That’s why you almost never see fundagelicals talking about making their menfolk better husbands; instead, they froth and rage about no-fault divorce. Similarly, you never see Republicans making serious changes to their toxic message to gain the votes of women, young people, and people of color (POC); instead, they try their best to disenfranchise any groups they perceive as hostile to their political party.
Oppressors feel terrified of the idea of their victims gaining any tangible, meaningful power. They know what they’re doing with that kind of power, after all. The last thing they want is their victims suddenly wielding it against them.
What the SBC’s leaders fear most is real change.
They love how the denomination currently operates. And really, they should: it operates exactly to plans. They sit on their thrones and chortle in glee at the bright facades they’ve built. How pretty it all must seem to their childish eyes! How charmingly retro!
But those facades hide quite a lot of pain, injustice, and hypocrisy.
Literally the only way to make headway in ending the SBC’s sex-abuse scandal is to make meaningful changes to the dysfunctional culture their leaders painstakingly created in setting up their little kingdom.
That’s why the SBC won’t be ending that scandal anytime soon.
It blows my mind how the SBC’s top brass can even open their pie-holes to fart out platitudes about how super-duper-Jesus-y they are without getting struck by errant lightning. If any gods existed at all, I don’t see how they wouldn’t have a few things to say about this hopelessly-corrupt denomination and the system they put into place to benefit themselves literally at the expense of literally every single human being who isn’t literally them.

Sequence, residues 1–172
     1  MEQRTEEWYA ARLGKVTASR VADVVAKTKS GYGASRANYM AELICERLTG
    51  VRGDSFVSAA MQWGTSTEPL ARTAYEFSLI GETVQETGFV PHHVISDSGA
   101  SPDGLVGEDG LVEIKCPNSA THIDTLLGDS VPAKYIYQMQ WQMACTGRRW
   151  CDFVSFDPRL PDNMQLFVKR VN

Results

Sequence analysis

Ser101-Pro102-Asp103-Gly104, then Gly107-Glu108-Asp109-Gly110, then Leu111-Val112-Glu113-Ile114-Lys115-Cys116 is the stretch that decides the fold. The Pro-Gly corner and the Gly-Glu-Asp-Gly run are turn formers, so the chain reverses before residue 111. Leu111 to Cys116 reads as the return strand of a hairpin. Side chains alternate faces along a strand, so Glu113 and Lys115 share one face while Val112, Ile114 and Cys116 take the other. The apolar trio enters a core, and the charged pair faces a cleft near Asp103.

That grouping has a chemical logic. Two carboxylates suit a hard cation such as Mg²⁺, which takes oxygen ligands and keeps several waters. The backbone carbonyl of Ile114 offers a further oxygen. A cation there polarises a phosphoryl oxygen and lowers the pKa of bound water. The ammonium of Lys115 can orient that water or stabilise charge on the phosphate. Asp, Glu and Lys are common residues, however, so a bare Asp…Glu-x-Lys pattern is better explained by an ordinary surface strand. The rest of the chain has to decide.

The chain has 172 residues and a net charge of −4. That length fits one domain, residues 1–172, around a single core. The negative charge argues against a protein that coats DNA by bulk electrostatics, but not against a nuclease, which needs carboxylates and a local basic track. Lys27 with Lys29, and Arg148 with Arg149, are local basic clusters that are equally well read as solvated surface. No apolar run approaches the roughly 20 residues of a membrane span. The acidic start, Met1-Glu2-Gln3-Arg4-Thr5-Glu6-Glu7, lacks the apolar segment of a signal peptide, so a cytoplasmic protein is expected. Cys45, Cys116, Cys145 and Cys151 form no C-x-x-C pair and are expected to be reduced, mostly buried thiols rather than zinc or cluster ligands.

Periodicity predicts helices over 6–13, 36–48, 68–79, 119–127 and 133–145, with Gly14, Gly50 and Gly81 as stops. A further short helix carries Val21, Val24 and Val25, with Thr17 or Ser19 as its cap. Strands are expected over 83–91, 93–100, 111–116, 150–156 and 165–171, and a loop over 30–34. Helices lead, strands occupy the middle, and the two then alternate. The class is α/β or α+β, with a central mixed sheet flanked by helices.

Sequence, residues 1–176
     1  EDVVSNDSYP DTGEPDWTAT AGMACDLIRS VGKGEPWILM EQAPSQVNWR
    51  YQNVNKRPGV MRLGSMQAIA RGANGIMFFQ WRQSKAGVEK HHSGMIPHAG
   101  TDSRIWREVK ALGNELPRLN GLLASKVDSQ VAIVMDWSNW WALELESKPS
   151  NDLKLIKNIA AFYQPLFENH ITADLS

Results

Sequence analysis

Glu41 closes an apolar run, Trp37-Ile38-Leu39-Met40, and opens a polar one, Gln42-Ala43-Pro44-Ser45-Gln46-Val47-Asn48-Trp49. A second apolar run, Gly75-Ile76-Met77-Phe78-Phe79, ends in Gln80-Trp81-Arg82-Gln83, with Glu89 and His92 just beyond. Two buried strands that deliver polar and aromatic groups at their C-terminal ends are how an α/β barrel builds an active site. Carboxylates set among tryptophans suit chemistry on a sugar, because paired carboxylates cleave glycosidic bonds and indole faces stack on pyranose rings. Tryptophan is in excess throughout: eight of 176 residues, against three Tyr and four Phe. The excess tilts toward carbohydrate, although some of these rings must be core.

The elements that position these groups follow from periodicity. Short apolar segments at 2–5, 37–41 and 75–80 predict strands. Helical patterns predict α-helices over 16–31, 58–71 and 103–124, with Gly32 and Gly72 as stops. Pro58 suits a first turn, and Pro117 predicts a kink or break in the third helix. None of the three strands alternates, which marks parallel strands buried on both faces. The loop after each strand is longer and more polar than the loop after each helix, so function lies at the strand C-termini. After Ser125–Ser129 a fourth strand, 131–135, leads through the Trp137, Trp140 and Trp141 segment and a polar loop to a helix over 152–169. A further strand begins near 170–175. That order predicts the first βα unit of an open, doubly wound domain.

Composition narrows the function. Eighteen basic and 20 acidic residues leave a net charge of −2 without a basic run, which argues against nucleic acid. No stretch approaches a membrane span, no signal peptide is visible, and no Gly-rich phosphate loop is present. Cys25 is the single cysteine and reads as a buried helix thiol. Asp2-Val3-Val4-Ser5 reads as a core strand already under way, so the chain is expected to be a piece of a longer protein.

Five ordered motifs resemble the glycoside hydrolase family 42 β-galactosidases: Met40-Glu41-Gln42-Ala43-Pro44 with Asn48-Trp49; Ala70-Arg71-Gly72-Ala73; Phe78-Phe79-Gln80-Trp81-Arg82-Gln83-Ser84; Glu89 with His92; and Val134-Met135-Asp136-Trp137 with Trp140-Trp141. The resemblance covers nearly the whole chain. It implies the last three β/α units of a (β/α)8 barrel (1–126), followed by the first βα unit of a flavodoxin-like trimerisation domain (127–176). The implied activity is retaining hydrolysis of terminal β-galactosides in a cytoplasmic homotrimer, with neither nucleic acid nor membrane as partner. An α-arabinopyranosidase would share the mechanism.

But here we are.
The leaders of the SBC would rather ride the fail-train all the way to the bottom than to do anything to protect the women they’ve carefully stripped of power and then oppressed for decades. They’d rather enjoy their last few years of absolute (and absolutely-corrupted) power than to do a single thing to whittle away at it. Even if doing so would stop disgusting sexual abuse of the people they claim power over, they won’t do it.
Yeah. Y’all. I’m with Beth Moore on this one. If SBC leaders disapprove so mightily of women like her–and like me–then really, that’s about as close to an endorsement of our decency as human beings as we could ever hope to have.
NEXT UP: Performance art, man-pain, and the people who (heartbreakingly) mistake it all for meaningful improvements and tangible change. See you soon!